The pastor was talking about a familiar parable the other day. I know some of you aren’t big Bible fans, but this particular story is worth some thought regardless of your religious persuasion.
So it seems there was a guy with seeds who decided his planting technique was pretty much to let it fly. He grabbed a handful, whipped it into the wind and let the seeds fall where they may. And then he grabbed another handful of seeds and continued throwing and grabbing until his seed bag was empty.
As with all types of planting, nothing happened at first — a good farmer is patient beyond all good sense. And not surprisingly with this haphazard technique, the seeds fell in places that weren’t necessarily conducive to healthy plant growth.
Some of the seeds fell in random spots such as well-beaten trails, and birds turned many of those seeds into afternoon lunch.
Some of the seeds fell on stony ground; without much dirt, the seeds sprouted but their roots couldn’t grow deeply, and the hot sun fried many that had grown.
Some of the seeds fell among weeds and thorns, so as the seeds grew, the weeds grew even faster, choking out what the sower had planted.
And some of the seeds fell on good soil, and that ideal growing condition yielded great crops and lots of return for the sower.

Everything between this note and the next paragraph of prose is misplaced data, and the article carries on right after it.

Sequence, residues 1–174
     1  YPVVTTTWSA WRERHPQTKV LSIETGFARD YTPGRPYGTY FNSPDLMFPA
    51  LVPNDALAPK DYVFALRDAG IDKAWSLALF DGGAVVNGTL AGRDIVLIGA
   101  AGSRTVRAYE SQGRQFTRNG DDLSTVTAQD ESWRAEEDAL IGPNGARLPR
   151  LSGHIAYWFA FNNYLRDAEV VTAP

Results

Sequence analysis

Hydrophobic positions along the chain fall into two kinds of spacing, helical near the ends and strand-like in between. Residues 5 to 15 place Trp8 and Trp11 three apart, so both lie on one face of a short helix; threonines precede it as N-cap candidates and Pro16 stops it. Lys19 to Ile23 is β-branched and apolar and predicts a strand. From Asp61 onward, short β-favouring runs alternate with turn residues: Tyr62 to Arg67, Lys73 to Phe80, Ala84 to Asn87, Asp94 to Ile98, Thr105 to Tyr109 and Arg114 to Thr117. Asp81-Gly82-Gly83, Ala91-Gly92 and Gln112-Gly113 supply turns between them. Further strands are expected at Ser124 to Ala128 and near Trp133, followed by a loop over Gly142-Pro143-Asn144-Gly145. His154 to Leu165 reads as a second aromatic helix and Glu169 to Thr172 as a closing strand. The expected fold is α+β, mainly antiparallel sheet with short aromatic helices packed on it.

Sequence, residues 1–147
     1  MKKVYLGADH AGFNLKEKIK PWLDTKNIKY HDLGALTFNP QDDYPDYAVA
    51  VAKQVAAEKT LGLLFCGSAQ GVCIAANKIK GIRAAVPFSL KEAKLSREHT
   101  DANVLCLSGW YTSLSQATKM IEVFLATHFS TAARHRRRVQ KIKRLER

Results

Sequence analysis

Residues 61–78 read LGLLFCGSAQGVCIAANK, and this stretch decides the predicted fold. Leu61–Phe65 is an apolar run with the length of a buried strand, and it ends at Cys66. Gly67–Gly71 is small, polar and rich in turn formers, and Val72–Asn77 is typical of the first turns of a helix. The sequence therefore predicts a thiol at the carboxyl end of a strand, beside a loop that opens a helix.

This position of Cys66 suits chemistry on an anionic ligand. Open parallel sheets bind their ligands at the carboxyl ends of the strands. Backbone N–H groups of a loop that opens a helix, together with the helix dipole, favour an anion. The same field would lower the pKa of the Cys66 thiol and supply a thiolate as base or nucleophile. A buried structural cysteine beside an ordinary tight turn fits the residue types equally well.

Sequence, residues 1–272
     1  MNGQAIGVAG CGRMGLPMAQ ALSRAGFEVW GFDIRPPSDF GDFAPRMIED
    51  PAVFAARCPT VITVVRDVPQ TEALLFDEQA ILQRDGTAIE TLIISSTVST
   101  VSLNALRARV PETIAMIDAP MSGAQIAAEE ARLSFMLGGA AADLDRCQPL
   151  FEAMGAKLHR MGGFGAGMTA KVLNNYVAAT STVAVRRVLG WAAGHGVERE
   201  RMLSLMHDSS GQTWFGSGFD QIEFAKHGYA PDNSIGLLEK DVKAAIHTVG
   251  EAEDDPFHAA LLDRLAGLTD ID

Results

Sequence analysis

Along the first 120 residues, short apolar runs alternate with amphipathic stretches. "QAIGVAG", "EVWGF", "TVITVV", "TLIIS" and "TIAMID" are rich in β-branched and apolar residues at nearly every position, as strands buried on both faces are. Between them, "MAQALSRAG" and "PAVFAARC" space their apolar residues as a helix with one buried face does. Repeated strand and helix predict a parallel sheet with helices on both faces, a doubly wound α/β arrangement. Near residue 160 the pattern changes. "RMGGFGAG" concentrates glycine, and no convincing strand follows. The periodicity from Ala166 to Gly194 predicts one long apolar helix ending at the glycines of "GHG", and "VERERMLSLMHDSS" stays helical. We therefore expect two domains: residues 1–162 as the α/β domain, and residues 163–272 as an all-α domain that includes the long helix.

The question the pastor asked that day was simple: Why the random planting technique, knowing full well that a good portion of the seeds weren’t getting a good start in life? Why not carefully plant each seed in good dirt, ensuring a better chance of growth and success?
His conclusion (or at least my interpretation of his conclusion): The sower’s job is simply to spread the seeds, mindless of where they land, because even though the odds aren’t great for seeds that land on trails, stones or among weeds, the odds of successful growth aren’t zero, either. And, just maybe, the seeds that had to fight their way to growth may wind up heartier and produce more than the seeds that found their way onto easy street.
That was an interpretation I hadn’t considered, but it made sense. Not every seed carefully planted in good soil lives, either, so why should all of the attention go to those seeds already getting a head start in life?
The same can be said of our neighborhood, too. There are good and, shall we say, less good spots in and around us, but we aren’t called upon to decide which of our neighbors succeeds or fails. Our job, as neighbors, is to do our best to encourage success in all quarters, because just as a rising tide lifts all boats, open-minded service to our city gives all of us the best chance to benefit.
It’s frustrating, though. Look at who voted, or mostly who didn’t, in the recent city council elections: More than 9 out of 10 of us decided voting wasn’t worth the trouble. I’ve seen a few explanatory theories advanced, but the best came from a reader who suggested that too many of us have decided that no matter what we do, government and politics will continue to smother us with idiocy, greed and whining.
So why do anything?
Suppose the sower in the parable had taken that approach, giving up before he started and deciding not to plant anything? If nothing is ever planted, at some point, nothing grows.
That doesn’t seem like a good way to begin celebrating a holiday that encourages individual freedom and celebrates those who sowed seed for us in the past.